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Cholula: The billion-dollar Mexican hot sauce with a cult following

Cholula: The billion-dollar Mexican hot sauce with a cult following

The tale of a Mexican hot sauce brand that built a cult following.

From viral TikTok videos and designer cocktails to desserts and even Beyonce's handbag, Cholula Hot Sauce can be found everywhere.

Despite only breaking into the US market 30 years ago, it's the third-most popular hot sauce in the country where it sells more bottles than anywhere else in the world.

However, Cholula's roots are firmly embedded in Mexican culture.

The sauce is believed to have been invented more than a century ago in Chapala, a town in the central Mexican state of Jalisco. Anyone who lives there knows that it is renowned for its pepper cultivation.

The story goes that the family matriarch, Camilla Harrison (who was also the José Cuervo family cook and, supposedly, whose likeness can be found on each bottle) enjoyed experimenting in the kitchen.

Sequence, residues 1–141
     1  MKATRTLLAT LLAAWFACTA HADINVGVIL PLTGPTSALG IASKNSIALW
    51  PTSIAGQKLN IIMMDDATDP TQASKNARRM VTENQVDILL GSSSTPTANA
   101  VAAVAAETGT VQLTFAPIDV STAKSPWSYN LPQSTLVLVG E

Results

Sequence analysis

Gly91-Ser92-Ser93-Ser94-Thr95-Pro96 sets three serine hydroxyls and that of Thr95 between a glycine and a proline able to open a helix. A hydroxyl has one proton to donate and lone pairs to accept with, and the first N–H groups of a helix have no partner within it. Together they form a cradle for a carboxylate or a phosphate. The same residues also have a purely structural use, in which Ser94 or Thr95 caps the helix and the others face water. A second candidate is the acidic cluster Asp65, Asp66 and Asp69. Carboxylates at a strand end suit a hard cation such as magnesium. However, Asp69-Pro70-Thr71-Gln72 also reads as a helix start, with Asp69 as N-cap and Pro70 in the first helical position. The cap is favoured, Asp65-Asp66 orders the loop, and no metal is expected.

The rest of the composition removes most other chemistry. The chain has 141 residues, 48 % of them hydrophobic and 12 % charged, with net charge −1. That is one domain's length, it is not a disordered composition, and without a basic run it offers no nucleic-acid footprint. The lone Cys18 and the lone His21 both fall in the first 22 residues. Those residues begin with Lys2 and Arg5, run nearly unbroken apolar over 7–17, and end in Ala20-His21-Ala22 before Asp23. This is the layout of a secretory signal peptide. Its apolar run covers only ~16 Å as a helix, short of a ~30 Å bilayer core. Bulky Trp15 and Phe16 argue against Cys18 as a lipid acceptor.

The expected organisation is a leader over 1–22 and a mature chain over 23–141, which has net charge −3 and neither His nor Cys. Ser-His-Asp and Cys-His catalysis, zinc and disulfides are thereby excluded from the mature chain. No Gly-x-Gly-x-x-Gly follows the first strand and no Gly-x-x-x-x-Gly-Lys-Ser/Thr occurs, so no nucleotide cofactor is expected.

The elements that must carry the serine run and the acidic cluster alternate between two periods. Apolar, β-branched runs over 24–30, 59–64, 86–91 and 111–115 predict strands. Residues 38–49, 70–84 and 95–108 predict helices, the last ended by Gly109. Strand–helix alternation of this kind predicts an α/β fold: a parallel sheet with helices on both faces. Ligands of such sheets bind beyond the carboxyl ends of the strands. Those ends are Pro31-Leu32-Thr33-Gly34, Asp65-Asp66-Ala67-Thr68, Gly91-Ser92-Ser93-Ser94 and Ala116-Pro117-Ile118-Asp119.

One day, when she was looking to add ingredients that would complement sangrita (a typical tequila chaser), she devised the first edition of Cholula. It consisted of a perfect blend of spicy pequin pepper and chile de árbol native to Jalisco along with citrus juices.

However, its versatility and exceptionally well-balanced flavor profile quickly led to it being added to a wide range of dishes, from eggs to tacos to enchiladas.

It wasn’t long before executives from Mexico City-based tequila company José Cuervo (which also has its roots in Jalisco) heard about the hot sauce. Seeing its potential, they bought the license for its production and, soon after, Cholula Hot Sauce could be found in Mexican markets and stores all across the country.

As well as its distinctive taste and vibrant bottles that conveyed a real sense of Mexico, it became instantly recognizable by its wooden caps.

Cholla Hot Sauce

"It’s the best out there"

After acquiring the brand from the Harrison family in the 1980s, José Cuervo introduced the hot sauce to the US Southwest in 1989 via specialty shops, food trucks, and restaurants.